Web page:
At San Diego Comic-Con, wherefor hours to get into a panel can be a badge of honor, Haley Plotkin is waiting in a much less celebrated queue. She’s toting around a Hot Toys Iron Man action figure she just bought for $380, and wants to make sure it gets home safe before she continues exploring.
“I can’t walk around the Con with this thing all day,” said Plotkin, a 27-year-old travel blogger from Austin, Texas. So she makes the necessary pit stop that scores of attendees make every year: the FedEx at the San Diego Convention Center (Hall D, to be exact), the only shipping facility on site.
Roaming around the area are all the familiar characters you’d expect at Comic-Con. A Spider-Man casually leans against a wall. Two women dressed as Captain America and Captain Marvel, but with their costumes altered to look like suffragettes, pose for a picture. The scene suggests something that seems obvious when you consider that Comic-Con, with its 135,000 attendees, is the biggest celebration of geekdom on the planet: This is the nerdiest FedEx in the world.
At noon on Thursday, the first official day of the conference, the line isn’t too long. There are about 10 people there, and Plotkin’s been waiting about 15 minutes. But the shipping center will lure a steady stream of attendees throughout the rest of the conference. Most are shipping toys and books; some are buying poster tubes.
Scrolling through Reddit a week before Comic-Con, the forum is filled with post after post from excited newbies heading to San Diego for their first visit to the conference. Some people inquire for extra party invites. Others ask veteran con-goers whether it’s worth it to queue up at the iconic Hall H, where the conference’s most popular panels are held.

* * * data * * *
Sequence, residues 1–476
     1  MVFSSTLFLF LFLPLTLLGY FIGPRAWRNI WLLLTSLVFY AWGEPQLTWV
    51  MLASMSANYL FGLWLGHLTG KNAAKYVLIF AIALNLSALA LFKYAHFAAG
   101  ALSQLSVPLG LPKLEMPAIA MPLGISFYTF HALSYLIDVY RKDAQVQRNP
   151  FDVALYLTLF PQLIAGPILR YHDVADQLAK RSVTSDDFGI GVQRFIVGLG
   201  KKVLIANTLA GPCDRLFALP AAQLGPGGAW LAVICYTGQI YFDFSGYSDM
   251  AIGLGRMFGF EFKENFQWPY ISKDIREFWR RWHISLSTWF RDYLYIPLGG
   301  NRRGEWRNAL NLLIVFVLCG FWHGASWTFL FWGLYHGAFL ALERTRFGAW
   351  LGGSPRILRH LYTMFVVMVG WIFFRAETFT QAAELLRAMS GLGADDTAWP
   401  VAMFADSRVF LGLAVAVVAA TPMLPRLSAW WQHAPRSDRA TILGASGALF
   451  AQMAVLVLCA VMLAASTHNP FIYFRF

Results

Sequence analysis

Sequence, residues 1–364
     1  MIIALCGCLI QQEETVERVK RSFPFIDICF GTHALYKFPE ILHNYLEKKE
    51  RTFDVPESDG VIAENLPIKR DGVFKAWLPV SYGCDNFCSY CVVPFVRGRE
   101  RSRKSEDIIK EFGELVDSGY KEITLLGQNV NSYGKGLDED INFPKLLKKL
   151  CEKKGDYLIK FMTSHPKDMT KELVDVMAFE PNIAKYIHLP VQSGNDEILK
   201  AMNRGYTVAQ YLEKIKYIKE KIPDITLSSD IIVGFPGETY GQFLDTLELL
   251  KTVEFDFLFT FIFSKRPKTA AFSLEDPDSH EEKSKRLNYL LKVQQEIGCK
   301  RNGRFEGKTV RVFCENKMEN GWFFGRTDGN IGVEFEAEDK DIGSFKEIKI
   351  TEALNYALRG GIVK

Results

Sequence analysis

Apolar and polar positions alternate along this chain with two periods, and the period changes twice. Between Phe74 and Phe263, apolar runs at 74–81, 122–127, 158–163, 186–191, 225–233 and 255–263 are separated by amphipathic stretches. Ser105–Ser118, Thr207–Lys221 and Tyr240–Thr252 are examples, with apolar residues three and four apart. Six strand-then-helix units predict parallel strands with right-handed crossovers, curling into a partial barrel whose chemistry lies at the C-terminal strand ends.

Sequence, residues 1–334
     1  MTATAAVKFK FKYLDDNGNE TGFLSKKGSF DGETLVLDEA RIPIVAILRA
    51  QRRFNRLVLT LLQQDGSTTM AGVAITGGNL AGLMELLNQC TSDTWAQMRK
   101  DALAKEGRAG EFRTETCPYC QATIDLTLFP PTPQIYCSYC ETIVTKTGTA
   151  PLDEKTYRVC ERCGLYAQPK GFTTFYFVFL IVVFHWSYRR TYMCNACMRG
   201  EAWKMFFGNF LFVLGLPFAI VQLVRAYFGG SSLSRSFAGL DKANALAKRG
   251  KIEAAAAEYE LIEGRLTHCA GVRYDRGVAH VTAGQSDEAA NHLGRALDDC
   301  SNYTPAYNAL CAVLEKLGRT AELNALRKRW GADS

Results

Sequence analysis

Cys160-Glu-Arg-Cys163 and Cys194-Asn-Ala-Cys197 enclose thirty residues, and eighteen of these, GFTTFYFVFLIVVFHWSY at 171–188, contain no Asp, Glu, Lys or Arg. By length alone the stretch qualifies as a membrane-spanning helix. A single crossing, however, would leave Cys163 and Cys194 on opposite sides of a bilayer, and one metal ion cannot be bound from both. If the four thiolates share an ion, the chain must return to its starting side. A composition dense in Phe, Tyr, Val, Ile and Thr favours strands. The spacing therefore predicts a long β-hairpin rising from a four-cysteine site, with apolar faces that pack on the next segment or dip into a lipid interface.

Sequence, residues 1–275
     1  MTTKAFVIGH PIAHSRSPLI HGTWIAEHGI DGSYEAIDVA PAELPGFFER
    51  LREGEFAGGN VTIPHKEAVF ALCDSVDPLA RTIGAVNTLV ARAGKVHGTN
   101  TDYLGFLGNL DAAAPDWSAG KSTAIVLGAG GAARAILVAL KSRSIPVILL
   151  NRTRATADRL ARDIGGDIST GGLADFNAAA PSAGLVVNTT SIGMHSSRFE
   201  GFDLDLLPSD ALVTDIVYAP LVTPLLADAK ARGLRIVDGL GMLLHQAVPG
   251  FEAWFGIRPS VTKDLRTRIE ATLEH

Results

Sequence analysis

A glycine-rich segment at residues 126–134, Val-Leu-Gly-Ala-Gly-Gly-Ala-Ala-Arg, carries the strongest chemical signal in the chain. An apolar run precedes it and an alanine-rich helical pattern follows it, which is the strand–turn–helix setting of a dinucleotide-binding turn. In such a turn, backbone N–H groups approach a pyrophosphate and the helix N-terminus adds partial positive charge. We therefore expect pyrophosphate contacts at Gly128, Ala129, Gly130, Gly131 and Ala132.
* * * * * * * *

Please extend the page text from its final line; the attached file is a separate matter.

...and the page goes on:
But many others have a far simpler question: Where’s the post office? Longtime conference attendees all direct them to the FedEx. It’s particularly important for con-goers as they scour the exhibition floor for toys, books, cards and exclusives only sold at Comic-Con, which can cost up to thousands of dollars. For many attendees, it’s a pilgrimage to the collectibles capital of the world, and they want to make sure their wares get home in mint condition.
“This is our Super Bowl,” said Jerry Lynn, a FedEx event solutions consultant who runs the location at the San Diego Convention Center. “We assemble a huge team.”
FedEx declined to disclose how many shipments it makes at Comic-Con, or how much revenue the company generates from the event. The FedEx exists at the location year round, but for Comic-Con, the company makes the space three times bigger with added pop-up kiosks, Lynn said. The company also adds extra workers from FedEx locations around town, but Lynn declines to share exact numbers.
The company orders 30 times the materials it usually does, including boxes, Sharpies, tape and poster tubes, Lynn said. Every year, the staff tries to predict what item will be the hot seller of the conference, so they can order more of that specific-sized box, but they don’t always get it right.
Lynn said all the rage last year was Funko figurines, those 3.75-inch vinyl toys with big heads. Before the conference got started this year, Lynn predicted they’d be popular again. (Indeed, multiple people I talked to in line were shipping the tiny collectables.)
But the shipping can also be pricey. On Thursday, Patrick Ferrell and Maureen Gilligan, from New York City, said they shipped about $400 worth of stuff in two boxes, including a My Hero Academia Funko figure and a Venom Vs. Carnage comic book. When I followed up with Ferrell on Friday, he said the price tag for shipping the two boxes was $120, which he called “a little excessive.”
He also says he doesn’t trust it all to shipping. He’s hand-carrying his most expensive haul, an Alex Ross lithograph for about $100. He said he was burned last time he shipped a $1,000 book from another conference and it came back damaged.
Lynn says he’s seen it all while working during Comic-Con. The most memorable thing he remembers packing from the conference was a tattered pink Care Bear a man shipped out two years ago. He didn’t ask for the story behind it, but he could tell it was special.
“I understand the sentimental value,” he said. “These people are absolutely passionate.”